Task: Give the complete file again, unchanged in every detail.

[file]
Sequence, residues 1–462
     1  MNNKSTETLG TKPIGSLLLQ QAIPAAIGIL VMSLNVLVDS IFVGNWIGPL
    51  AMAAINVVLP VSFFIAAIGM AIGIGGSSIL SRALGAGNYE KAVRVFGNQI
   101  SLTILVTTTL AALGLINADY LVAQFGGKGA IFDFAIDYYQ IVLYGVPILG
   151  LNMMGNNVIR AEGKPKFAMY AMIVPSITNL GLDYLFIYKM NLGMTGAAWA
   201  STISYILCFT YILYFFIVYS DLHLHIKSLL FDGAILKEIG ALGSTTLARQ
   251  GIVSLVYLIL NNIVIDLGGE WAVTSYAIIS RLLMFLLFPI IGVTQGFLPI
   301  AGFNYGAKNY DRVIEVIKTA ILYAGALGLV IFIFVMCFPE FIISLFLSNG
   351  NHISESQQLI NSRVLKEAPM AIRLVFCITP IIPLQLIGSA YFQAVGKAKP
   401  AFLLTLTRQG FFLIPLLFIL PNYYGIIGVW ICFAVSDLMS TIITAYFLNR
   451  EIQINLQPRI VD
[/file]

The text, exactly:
Sequence, residues 1–462
     1  MNNKSTETLG TKPIGSLLLQ QAIPAAIGIL VMSLNVLVDS IFVGNWIGPL
    51  AMAAINVVLP VSFFIAAIGM AIGIGGSSIL SRALGAGNYE KAVRVFGNQI
   101  SLTILVTTTL AALGLINADY LVAQFGGKGA IFDFAIDYYQ IVLYGVPILG
   151  LNMMGNNVIR AEGKPKFAMY AMIVPSITNL GLDYLFIYKM NLGMTGAAWA
   201  STISYILCFT YILYFFIVYS DLHLHIKSLL FDGAILKEIG ALGSTTLARQ
   251  GIVSLVYLIL NNIVIDLGGE WAVTSYAIIS RLLMFLLFPI IGVTQGFLPI
   301  AGFNYGAKNY DRVIEVIKTA ILYAGALGLV IFIFVMCFPE FIISLFLSNG
   351  NHISESQQLI NSRVLKEAPM AIRLVFCITP IIPLQLIGSA YFQAVGKAKP
   401  AFLLTLTRQG FFLIPLLFIL PNYYGIIGVW ICFAVSDLMS TIITAYFLNR
   451  EIQINLQPRI VD